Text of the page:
On Sept 21st, the first day of Fall, Knott’s Berry Farm debuted its annual haunt to giddy fans and members of the press. Despite the damage it did to my barking dogs (footsies) by the end of the night, it was a near-perfect evening. There were a couple of bugs getting things started during the first half hour, but they more than made up for it in professionalism and hospitality. We got to visit three mazes at the far end of the park in the first half-hour prior to the general public, but I got hopelessly lost three times in the Trick Or Treat Maze, and our spooky stroll through The Tooth Fairy and Paranormal Inc. were aborted by faulty fire alarms. When we returned to those mazes later in the evening, they were running very smoothly.
About the Mazes. Returning to the ones that were shut down temporarily, we treaded carefully into Trick Or Treat. Most of the mazes this year are substantially darker than in the past, but it was nearly impossible to see everything anyways. A gimmick they used here for the first time ever was a remote controlled flashlight to guide your way. The beams were always very low, and in different scenes they would change colors, and at some points vibrate. For the final room they stopped working entirely halfway through. Genius.
The Tooth Fairy Maze was mostly the same as it was for the last five years, but they added leftover dolls from the old Doll Factory maze to keep you distracted with eye candy and hidden actors.
Paranormal inc was tweaked up a bit, and included two new rooms. I would recommend this to first timers for its flying rigs and CGI effects. Shadowlands had a new opening to guide you into its world of ghostly Samurai, and the Ninjas have better masks now but its fantastic set design outdoes the scare factor.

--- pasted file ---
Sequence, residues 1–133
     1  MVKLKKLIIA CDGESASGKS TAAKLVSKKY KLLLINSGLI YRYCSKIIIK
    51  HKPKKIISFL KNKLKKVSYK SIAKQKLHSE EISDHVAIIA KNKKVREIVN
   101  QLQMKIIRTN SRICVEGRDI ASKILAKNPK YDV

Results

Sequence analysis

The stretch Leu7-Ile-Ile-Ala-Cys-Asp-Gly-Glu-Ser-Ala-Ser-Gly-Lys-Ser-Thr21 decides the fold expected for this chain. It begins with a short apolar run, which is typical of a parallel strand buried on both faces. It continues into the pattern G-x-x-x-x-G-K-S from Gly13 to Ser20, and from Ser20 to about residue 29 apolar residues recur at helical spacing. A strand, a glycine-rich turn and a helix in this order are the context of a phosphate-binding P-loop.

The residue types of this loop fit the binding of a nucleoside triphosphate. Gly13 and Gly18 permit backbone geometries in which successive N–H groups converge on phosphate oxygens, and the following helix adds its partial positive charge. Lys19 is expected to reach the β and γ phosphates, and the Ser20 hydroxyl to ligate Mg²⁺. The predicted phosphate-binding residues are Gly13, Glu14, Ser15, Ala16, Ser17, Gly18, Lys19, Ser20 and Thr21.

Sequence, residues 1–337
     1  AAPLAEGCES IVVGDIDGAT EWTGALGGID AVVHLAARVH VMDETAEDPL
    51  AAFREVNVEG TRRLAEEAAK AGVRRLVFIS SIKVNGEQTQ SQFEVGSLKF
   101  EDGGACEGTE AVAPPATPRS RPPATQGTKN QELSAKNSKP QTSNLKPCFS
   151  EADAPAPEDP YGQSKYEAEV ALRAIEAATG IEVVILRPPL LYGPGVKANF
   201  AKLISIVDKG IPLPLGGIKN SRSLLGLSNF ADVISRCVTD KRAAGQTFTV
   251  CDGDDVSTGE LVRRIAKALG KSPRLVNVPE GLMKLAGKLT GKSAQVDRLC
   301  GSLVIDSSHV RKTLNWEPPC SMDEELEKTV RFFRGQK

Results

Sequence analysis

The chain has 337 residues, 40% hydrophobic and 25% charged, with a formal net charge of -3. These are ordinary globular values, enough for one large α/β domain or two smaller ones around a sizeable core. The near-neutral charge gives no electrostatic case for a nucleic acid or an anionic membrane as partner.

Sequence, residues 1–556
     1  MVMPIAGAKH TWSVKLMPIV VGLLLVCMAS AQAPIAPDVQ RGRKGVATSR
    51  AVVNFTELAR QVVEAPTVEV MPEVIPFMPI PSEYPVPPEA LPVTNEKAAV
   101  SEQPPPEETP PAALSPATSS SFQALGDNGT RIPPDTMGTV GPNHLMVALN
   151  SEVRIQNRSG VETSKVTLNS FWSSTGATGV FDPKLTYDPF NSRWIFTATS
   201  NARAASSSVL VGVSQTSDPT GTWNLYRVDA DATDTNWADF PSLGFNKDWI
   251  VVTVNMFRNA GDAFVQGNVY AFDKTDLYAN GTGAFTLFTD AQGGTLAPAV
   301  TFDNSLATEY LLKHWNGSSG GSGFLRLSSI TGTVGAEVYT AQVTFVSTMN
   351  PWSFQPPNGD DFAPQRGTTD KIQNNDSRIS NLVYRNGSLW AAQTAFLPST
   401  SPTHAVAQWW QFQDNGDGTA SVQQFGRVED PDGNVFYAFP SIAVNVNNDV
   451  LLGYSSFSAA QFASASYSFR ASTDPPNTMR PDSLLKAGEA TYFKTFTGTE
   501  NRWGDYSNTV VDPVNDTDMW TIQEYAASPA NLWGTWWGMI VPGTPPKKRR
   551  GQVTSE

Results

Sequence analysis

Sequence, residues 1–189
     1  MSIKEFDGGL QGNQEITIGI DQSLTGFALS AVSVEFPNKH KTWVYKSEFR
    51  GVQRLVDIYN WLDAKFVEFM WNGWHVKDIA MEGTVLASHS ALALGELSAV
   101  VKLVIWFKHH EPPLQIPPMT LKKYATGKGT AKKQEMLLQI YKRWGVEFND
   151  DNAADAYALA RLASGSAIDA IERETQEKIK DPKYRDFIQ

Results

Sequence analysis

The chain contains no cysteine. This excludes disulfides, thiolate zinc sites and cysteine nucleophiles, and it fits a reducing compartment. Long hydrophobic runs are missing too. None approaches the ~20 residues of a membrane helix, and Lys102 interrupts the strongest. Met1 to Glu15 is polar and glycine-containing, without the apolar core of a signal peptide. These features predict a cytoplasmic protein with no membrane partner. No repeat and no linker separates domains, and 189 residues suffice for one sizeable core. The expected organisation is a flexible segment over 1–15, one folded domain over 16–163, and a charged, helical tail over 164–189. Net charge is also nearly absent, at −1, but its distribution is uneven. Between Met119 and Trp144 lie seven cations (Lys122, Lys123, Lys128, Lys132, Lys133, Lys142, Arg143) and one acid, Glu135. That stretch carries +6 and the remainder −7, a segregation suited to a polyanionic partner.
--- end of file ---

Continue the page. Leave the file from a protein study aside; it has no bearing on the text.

My two favorite new mazes this year were Dark Ride and Pumpkin Eater. The latter of the two mazes is a clever spin off of the old Mother Goose Rhyme of Peter Peter Pumpkin eater about a psychotic creature and his minions that literally encase women’s heads in pumpkin shells. In the impressive showroom. you get to make your way through a giant rotted pumpkin with basketball-sized pumpkin seeds and wet stringy ropes simulating pumpkin guts. I really wish I had a better camera on my phone, but it was way dark in there as well. Don’t miss this one.
Dark Ride is another new maze where the creativity ran rampant. The concept is that you are trapped inside of a derelict dark ride spook house called Castle Chaos. Inside, you meet homeless weirdos and deranged clowns. Lots of jump scares in this one, which left me completely on edge, especially with the loud noises. I hate loud noise scares.
On a tamer note, the Timber Mountain Log Ride is re-themed as the family-friendly Halloween Hootenanny. This classic is opened during daytime hours as well. Fun stuff climaxing with a very sophisticated Knott’s Green Witch animatronic.
There are only two stage shows this year. No hypnotists or magicians, but of course the Hanging In Calico Square is back again to attack this last year’s media idiots and celebrity fails. It was pretty raunchy and not recommend for prigs, but the 8 year-old riding his mom’s shoulders in back of me squealed with delight to see Vladimir Putin receive a “Purple Nirpple” and again when Trump appeared onstage as his “Bitch,” donning a skimpy S&M outfit complete with dog collar and leash. When they finally settled on someone to hang, my party didn’t know who it was, but the audience both nodded and groaned.
Elvira Mistress Of The Dark was a glitzy Vegas-type show peppered with the prerequisite T&A jokes. She still looks and sounds great, as proven by the middle-aged men around us who seriously and vocally perved out. Seeing as this is her last season at Knott’s, I thought it could have been longer and a bit bigger but I’m quibbling here. Most everyone left happy.
In closing (The coffin lid), Knott’s gives you a lot of “Boo!” for your buck, but do yourself a favor and buy that extra front-of-the-line Fright Lane Pass. Your companions and your feet will thank you for it.